For a while now I’ve been thinking about a concept which compares our lives to the changing of the seasons. To be honest, I don’t know if it’s an original thought and I haven’t bothered to look. If someone has done this already, no plagiarism is intended. Think of it as one of those, “great minds think alike moments.”
The idea is, assuming an average human lifespan of eighty years ( statistics say it’s 77.28 for the average American, so ever the optimist, I’m rounding up ) you can divide those years into four “seasons”, each lasting twenty years.
Spring would be birth until age twenty. We’re born and grow into adulthood, our bodies and minds developing into adulthood.
Summer, from age twenty to forty when we’re in our prime and our lives are robust. The blood runs hot in more ways than one. Some days are calm and breezy and others raging with storms. All of these must be not only weathered, but excepted as well. It’s not so easy at first, but with each passing year, we gain wisdom and experience.
Around age forty, things begin to slow down and as tends to happen on a late September day, there’s a certain feeling of comfort that comes over us. We perhaps look back at our summer days, remembering fondly the fun of the cool breezy ones, and knowing now that the storms we endured tempered our minds, despite what it may have done to our bodies.We see the fruits of our labors in the comfort of our homes, the success of our children. If we haven’t already, we look ahead to the coming winter and prepare.
Around sixty is what I consider to be the beginning of our winter years. Things slow down around us which is good, because perhaps we’re a little slower too. Like the snow settling on the ground, we too are a little more gray. The wind blows cold, but there’s still a warmth inside us and in our homes, where we take comfort and solace in the lives we built and created.
The end of this season for some people could be considered death for some people I suppose. For those who believe in a higher power, death may just be that final step in this world and a first step into a new Spring elsewhere. I have no idea, and no one has come back to fill us in so I guess we have to find out for ourselves. For my part, I’ll wait a bit longer, thank you.
In little more than a week, I’ll turn forty-nine, taking one last trip around the sun before hitting the halfway mark of my own autumn I suppose. Unlike the year or so leading up to my turning forty, I don’t feel a lot of anxiety or dread about turning fifty. As I came to realize, there’s no changing it, so may as well go along with it.
Still there’s some things that are more difficult to accept than graying hair and aching joints. Perhaps the most painful part of getting older is having to watch the generation before you do the same, until the day comes they take that last/ first step into whatever comes next.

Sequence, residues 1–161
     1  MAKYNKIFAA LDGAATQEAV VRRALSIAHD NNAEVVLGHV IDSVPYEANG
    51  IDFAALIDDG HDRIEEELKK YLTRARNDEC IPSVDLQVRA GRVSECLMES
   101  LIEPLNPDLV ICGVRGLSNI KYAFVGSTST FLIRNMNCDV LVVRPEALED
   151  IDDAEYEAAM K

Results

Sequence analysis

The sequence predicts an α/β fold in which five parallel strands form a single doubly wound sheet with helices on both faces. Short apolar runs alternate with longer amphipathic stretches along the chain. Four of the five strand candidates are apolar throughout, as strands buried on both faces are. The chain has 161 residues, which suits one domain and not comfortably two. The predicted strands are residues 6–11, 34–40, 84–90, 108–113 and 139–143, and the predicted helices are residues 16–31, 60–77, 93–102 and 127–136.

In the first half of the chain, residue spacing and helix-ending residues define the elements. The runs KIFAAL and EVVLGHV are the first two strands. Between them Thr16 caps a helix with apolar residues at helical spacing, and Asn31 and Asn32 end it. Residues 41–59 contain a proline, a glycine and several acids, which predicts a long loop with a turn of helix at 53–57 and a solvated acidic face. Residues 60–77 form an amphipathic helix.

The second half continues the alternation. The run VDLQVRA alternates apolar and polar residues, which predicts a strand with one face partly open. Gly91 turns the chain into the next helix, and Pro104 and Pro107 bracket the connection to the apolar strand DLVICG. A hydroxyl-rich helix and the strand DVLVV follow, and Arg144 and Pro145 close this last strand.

I’m at that stage where all but one or two of my grandparents’ generation are still alive. I recognize of course that there are many who never knew, or knew well, their own grandparents and their peers. However growing up and spending a lot of time with my maternal grandparents, I had a lot of exposure to the great-aunts and great-uncles who frequently visited, especially on the weekends, for coffee and conversation. How many families can say they still do that on a regular basis these days? Yet that was normal back then, and I remember those visits and even some of the stories told over cigarettes and coffee well.
Upon hearing of another of that generation passing away a while back, I commented to my wife, “I’m witnessing an entire segment of my family disappear, one by one.” And look, I know full well I am not unique in this, it’s something we all have to endure. We have to accept it, it doesn’t mean we have to like it.
As one generation passes through that last phase of life’s winter, another steps up to take its place. In time they’ll pass on into that Eternal Spring and then it’s my turn. I don’t know what that will look like, and truth is, I’m in no hurry to find out. But as someone once said, “The days are long, the years short.” In the blink of an eye, the feeling of “that feels like just yesterday” looking back will be here soon. I won’t lie, that scares the shit out of me, but I also know there’s no use dwelling on it. To do so is to just waste the time we’re given, so it’s best to live in the now. Still, those thoughts and feelings of dread come from time to time and to offset them I think about what the generation behind us is doing, watching them build their lives and families just as we and the generations before us did.
James Taylor sang, “The secret to life is enjoying the passage of time.” And while it’s not always easy to, the truth it, we have no choice. So like Sweet Baby James says, we may as well enjoy the ride.
Chris Sherwood writes from his home in North Chemung. He is the author of In Times of Trouble, a post-apocalyptic novel set in Upstate New York, and is currently working on the sequel. To learn more, go to cmsherwood.com